We talk about the changing weather patterns and complain of the disruptions and discomfort caused by extreme winter conditions. I submit that the significant change has been in our preparation for such extremes, or rather the lack thereof.
Modern means of heating our homes and year round availability of fresh food at the nearby grocery store blind us to the reality that nature can occasionally be strong enough to override our daily routines.
Four seasons are a fact in this area of the globe, and a few generations ago we began preparing for self-sufficiency during winter with the planting of seeds every spring. From experience we gauged the amount of food we would need to carry us through a hard winter.
Canning, drying and preserving went on from the first garden produce to the hulling of walnuts.
We ate chickens from the barnyard while the shoats were growing into hogs the size for killing and curing. We bred the cows so one or more would produce milk twice a day at any given time of the year.
Hay was packed in the barn loft and corn dumped in the corncrib to feed the livestock when pastures went dormant.
Whenever there was any slack time in the field work, the men were cutting wood and stacking it in the woodshed plus rows against the outside wall. Contact was made with a trucker to fill the coal house while we were still working in shirt sleeves. Didn’t want to be caught in the delivery rush during a sudden cold snap.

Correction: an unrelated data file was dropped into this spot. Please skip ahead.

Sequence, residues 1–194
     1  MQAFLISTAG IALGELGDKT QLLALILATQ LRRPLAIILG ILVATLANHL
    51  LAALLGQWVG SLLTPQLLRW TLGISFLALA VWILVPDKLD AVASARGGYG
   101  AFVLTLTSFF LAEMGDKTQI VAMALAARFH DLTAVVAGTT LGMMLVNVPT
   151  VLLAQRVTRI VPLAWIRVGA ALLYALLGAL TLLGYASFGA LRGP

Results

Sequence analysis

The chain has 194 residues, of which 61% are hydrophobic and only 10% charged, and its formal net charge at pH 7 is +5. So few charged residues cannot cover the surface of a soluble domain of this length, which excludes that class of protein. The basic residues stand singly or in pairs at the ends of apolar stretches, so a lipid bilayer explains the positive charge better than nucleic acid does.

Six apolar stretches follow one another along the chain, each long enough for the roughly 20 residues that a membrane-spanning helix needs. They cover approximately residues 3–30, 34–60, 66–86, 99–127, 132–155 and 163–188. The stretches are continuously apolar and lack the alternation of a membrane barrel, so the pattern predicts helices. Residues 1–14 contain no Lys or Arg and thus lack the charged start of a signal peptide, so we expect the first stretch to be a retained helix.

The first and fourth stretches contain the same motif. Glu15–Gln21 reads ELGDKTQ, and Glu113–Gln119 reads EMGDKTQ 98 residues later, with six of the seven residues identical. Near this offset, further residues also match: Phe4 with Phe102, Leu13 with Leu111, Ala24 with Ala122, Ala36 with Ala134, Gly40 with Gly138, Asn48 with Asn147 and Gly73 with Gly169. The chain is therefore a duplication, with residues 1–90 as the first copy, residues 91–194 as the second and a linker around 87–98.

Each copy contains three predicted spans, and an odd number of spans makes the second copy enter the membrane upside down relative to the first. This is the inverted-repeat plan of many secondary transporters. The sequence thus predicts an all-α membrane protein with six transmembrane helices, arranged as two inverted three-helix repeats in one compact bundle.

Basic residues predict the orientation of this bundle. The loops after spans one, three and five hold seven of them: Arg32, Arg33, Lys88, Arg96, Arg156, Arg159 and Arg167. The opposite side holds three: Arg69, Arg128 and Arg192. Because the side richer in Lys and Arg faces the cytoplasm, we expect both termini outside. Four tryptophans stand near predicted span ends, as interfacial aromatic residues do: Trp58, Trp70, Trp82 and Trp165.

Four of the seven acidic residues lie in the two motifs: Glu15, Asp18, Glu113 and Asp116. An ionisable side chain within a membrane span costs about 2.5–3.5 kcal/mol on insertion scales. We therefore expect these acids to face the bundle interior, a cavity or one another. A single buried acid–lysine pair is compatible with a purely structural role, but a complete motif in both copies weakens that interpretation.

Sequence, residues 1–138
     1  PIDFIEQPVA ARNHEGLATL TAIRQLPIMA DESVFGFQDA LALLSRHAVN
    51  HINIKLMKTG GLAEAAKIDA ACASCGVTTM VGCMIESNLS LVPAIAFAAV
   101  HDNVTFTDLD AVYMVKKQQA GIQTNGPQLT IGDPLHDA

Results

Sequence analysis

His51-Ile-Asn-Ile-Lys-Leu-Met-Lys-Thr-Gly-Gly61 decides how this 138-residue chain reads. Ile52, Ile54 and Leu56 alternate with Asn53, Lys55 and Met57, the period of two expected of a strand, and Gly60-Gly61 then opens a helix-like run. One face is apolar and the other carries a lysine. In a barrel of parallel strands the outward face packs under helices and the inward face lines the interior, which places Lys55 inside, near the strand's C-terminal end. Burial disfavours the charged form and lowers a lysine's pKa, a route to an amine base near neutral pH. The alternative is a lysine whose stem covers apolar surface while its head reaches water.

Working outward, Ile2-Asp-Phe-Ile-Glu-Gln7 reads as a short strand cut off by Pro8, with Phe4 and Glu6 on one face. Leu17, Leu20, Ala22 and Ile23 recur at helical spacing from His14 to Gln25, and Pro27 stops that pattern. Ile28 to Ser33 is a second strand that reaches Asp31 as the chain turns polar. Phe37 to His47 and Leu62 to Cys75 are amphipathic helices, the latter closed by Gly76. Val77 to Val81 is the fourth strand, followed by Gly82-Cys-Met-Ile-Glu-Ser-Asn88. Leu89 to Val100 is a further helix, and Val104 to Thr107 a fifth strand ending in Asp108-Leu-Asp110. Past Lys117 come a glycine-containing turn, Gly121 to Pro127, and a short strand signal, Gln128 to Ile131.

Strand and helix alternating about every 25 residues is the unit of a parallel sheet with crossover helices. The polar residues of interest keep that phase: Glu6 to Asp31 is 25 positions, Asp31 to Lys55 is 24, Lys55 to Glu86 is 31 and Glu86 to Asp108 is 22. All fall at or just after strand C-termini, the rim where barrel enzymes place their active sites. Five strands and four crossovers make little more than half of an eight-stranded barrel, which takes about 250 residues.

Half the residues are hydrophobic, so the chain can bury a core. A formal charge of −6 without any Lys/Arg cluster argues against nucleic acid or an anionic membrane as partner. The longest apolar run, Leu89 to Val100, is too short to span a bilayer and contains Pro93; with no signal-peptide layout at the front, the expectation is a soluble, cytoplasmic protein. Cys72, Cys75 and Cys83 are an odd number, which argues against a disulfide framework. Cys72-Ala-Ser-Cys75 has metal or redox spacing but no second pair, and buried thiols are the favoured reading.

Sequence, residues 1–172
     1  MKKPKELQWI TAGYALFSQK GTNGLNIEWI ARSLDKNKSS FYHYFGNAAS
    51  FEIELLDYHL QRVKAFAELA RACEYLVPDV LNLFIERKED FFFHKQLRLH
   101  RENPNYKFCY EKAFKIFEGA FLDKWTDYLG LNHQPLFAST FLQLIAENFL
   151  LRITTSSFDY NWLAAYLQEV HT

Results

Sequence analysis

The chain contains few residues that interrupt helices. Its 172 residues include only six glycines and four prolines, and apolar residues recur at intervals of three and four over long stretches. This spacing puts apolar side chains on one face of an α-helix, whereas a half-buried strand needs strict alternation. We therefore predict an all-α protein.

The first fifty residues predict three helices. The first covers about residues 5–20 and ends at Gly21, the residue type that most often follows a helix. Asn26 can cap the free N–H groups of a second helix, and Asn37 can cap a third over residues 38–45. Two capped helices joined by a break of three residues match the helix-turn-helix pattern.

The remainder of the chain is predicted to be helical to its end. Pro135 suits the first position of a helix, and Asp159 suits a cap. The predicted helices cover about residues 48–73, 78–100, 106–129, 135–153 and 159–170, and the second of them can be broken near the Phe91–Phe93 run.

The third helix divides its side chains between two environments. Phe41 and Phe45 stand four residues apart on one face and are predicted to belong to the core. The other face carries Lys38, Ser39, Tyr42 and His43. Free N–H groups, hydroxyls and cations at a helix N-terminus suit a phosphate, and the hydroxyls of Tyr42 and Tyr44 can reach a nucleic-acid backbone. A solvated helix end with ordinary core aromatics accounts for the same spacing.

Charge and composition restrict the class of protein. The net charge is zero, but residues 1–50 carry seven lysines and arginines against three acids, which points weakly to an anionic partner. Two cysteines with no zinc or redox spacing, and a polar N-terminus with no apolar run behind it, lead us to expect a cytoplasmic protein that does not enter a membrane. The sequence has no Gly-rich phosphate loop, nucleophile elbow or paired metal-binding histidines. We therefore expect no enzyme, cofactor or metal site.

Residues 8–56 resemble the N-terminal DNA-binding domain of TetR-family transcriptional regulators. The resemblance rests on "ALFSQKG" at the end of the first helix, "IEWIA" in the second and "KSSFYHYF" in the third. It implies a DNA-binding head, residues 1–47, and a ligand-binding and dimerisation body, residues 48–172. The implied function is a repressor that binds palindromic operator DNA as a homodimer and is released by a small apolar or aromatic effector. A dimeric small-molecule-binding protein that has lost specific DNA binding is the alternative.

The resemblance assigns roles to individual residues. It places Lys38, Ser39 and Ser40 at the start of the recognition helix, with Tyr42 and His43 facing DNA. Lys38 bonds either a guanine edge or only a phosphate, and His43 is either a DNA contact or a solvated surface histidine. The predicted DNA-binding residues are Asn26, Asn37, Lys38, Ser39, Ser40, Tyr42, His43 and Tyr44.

The womenfolk kept constant inventory of bed linens and knew if there were enough quilts to outfit all beds on a cold winter’s night.
Quilting frames stayed up in the corner of a room for long periods of time so every spare minute could be used to make a few stitches or tie a few tacks on a quilt that might be needed in upcoming months to keep the family warm.
To conserve fuel, we moved rocking chairs from the living room into the bedroom when winter approached and cocooned there and in the kitchen unless special company was coming. Who cared if the furniture arrangement was not perfect?
We made sure that everyone’s galoshes were good for another winter. If there were breaks in the rubber or snaps pulled loose, Mother made sure that she bought new galoshes with her egg and cream money when she made that rare trip to town before the weather got bad.
She checked the long underwear and heavy stockings drawer and the supply of all garments that made possible our doing the necessary outside work.
I remember well a wide and long dark brown wool scarf that we shared. In zero weather, the one who had to be outside for the longest period of time got to wear the scarf. Wrapped over the head and around the neck and face, it was truly a lifesaver. Each season it had a few more small bites taken out by moths, but we cherished “the scarf.”
Now what do we do to prepare for winter? Not much more than adjust the thermostat, pull different clothes to the front of the closet and hope that we will be able to get to the grocery store at least once a week. Not too much planning ahead for unusual weather circumstances.